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Control Message Data Path In a Virtualized Switch Environment

IP.com Disclosure Number: IPCOM000243850D
Publication Date: 2015-Oct-22
Document File: 4 page(s) / 463K

Publishing Venue

The IP.com Prior Art Database

Related People

Greg Page: INVENTOR [+4]

Abstract

Is described a software architecture for a chassis based switch which utilizes virtual machine VM to manage different hardware components These VMs are designed to emulate independent and isolated microprocessor subsystems indistinguishable from the legacy physical implementations and must also be able to communicate with both their virtual as well as physical counterparts consistent with the current inter intra chassis communication protocols The challenge is to create such a communication mechanism without investing in additional hardware components while also ensuring complete backward compatibility

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Control Message Data Path In a Virtualized Switch Environment

Authors: Chiang Yeh; Vadivel Poonathan; Nalinakshan Kunnath; Greg Page 

Is described a software architecture for a chassis based switch which utilizes virtual machine (VM) to manage different hardware components.  These VMs are designed to emulate independent and isolated microprocessor subsystems indistinguishable from the legacy physical implementations, and must also be able to communicate with both their virtual as well as physical counterparts consistent with the current inter/intra-chassis communication protocols.  The challenge is to create such a communication mechanism without investing in additional hardware components, while also ensuring complete backward compatibility.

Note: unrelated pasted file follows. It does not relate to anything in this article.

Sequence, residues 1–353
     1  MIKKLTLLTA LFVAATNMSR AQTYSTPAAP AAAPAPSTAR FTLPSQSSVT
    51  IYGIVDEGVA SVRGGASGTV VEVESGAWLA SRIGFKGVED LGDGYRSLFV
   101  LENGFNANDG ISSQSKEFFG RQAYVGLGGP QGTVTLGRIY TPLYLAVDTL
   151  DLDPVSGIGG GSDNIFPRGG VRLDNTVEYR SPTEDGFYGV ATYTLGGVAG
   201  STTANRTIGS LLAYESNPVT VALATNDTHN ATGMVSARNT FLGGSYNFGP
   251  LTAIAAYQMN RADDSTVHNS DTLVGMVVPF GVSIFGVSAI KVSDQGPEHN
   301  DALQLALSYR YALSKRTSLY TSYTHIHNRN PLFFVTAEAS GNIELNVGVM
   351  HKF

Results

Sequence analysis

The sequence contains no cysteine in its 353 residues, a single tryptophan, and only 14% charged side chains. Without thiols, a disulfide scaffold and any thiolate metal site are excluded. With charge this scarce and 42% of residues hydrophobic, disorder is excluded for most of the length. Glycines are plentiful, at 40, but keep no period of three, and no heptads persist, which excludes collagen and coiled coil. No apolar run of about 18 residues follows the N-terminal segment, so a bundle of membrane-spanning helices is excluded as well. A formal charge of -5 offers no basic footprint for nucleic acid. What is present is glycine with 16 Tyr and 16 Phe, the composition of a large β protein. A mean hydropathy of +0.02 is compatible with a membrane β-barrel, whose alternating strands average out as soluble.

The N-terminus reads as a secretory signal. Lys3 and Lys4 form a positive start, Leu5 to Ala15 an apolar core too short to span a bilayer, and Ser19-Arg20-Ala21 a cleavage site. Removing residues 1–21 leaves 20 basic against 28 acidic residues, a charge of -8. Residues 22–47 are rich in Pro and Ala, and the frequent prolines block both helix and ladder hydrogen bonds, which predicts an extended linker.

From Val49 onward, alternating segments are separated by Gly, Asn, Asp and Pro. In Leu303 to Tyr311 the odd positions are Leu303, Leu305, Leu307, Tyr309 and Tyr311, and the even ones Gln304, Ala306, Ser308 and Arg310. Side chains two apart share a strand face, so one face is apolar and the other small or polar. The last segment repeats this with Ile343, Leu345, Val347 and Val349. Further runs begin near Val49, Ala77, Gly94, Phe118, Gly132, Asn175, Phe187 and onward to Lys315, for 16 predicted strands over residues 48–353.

A Brief Description of the VM Framework

Traditionally, chassis products have separate microprocessor subsystems dedicated to either management or line card modules.  i.e. management processors have an entirely self-contained, purpose-built software image dedicated to initializing and maintaining the switching fabric, process IPC messages, and manage chassis wide protocol stacks and tasks; while line card processors have their own self-contained, purpose-built software image dedicated to initializing and maintaining the local switching ASIC, and manage local protocol stacks and tasks.  One of the goals is to preserve this separate organization of management and line card while also allowing cohabitation of the two within a single microprocessor subsystem.  One simplistic way to accomplish this goal is to effect a virtual separation using virtual machines (VMs), as illust...